Geraldine Weiss-Lite Screen: Three dividend darlings for scrupulous investors

Friday, Dec 16 2011 by
Geraldine WeissLite Screen Three dividend darlings for scrupulous investors

Dividend paying stocks can be a hugely attractive option for investors seeking to cushion their portfolios from market volatility – yet selecting income-generating shares comes with risks. While companies with frothy current yields may prove an immediate temptation, applying some additional metrics to limit downside risk can help investors taking the plunge to sleep at night.

For more than 50 years Geraldine Weiss has been widely regarded as one of the investment community’s most astute dividend hunters. The now retired editor of the US dividend newsletter Investment Quality Trends (, Weiss developed a formula for identifying companies with strong dividend track records that are attractively valued in the market.

Weiss, of course, is not alone in formulating methods to select dividend stocks. Last week we considered another strategy known as Dogs of the FTSE 100 - a technique that calls on investors to pick out the 10 highest dividend yielding stocks in the index, invest in each one and then tuck the portfolio away for one year. In the same way, Weiss’s strategy looks for high yielding stocks that are apparently mis-priced – but her approach is much more demanding, requiring ongoing review and additional criteria. You can read more about it here.

At its heart, the technique looks for quality and value. It uses the dividend yield of a stock (derived by dividing the dividend per share by the stock price) as the critical measure of its valuation. If the yield is high it may signal a buying opportunity, if it the yield is low or drifting lower then that could be an indication to sell. Each company also needs to have a good quality track record and pass an additional set of robust criteria to prove it.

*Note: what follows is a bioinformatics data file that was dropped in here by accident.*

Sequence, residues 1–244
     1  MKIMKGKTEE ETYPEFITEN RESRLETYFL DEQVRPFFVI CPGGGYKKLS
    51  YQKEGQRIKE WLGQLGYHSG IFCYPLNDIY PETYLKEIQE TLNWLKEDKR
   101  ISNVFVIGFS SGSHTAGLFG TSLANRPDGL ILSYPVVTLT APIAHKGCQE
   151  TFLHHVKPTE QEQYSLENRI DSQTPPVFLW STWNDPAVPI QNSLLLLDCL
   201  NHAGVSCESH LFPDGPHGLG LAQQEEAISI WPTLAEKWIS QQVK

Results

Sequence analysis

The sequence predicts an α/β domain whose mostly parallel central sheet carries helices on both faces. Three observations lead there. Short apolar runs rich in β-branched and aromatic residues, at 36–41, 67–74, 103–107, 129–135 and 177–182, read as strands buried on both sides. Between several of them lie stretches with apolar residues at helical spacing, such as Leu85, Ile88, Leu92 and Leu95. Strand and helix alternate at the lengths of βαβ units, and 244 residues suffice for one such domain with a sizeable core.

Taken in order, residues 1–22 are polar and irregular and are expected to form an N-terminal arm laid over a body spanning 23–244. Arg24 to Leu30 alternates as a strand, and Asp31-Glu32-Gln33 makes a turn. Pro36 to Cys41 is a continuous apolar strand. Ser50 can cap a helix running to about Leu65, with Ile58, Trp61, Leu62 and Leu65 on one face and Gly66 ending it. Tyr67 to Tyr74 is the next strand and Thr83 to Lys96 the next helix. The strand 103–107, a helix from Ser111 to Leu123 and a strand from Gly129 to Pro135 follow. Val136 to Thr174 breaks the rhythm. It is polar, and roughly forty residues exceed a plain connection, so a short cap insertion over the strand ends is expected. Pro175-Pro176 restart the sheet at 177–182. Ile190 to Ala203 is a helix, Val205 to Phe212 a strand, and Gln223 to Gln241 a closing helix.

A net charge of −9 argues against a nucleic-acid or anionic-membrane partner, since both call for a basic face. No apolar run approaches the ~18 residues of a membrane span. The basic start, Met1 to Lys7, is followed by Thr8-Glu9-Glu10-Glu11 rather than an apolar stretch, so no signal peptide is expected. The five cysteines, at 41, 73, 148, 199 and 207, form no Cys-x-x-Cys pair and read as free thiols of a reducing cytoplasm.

Weiss given the PRO treatment

Using Stockopedia Premium we have designed a Geraldine Weiss screen to get as close as possible to her criteria given the limitations of our UK based data set. Weiss liked her companies to have a 25 year dividend history, known in the US as “Dividend Aristocrats” but unfortunately, in the UK, these companies are as rare as hen’s teeth and the equivalent UK index covers just five years (known as Dividend Achievers), so we’ve relaxed this criterion and one or two others that are more US market specific.

As a…

Unlock this article instantly by logging into your account

Don’t have an account? Register for free and we’ll get out your way


As per our Terms of Use, Stockopedia is a financial news & data site, discussion forum and content aggregator. Our site should be used for educational & informational purposes only. We do not provide investment advice, recommendations or views as to whether an investment or strategy is suited to the investment needs of a specific individual. You should make your own decisions and seek independent professional advice before doing so. Remember: Shares can go down as well as up. Past performance is not a guide to future performance & investors may not get back the amount invested. ?>

Do you like this Post?
7 thumbs up
0 thumbs down
Share this post with friends

Smith & Nephew plc is a medical technology company. The Company is engaged in developing, manufacturing, marketing and selling medical devices and services. Its products and services include Sports Medicine Joint Repair, Arthroscopic Enabling Technologies (AET), Trauma & Extremities, Other Surgical Businesses, Knee Implants, Hip Implants, Advanced Wound Care, Advanced Wound Bioactives and Advanced Wound Devices. The Sports Medicine Joint Repair franchise offers surgeons a range of instruments, technologies and implants necessary to perform minimally invasive surgery of the joints, including the repair of soft tissue injuries and degenerative conditions of the knee, hip and shoulder. The AET franchise offers an array of minimally invasive surgery-enabling systems and devices. The Trauma & Extremities franchise supports healthcare professionals with solutions used by surgeons to stabilize severe fractures, correct bone deformities, treat arthritis and heal soft tissue complications. more »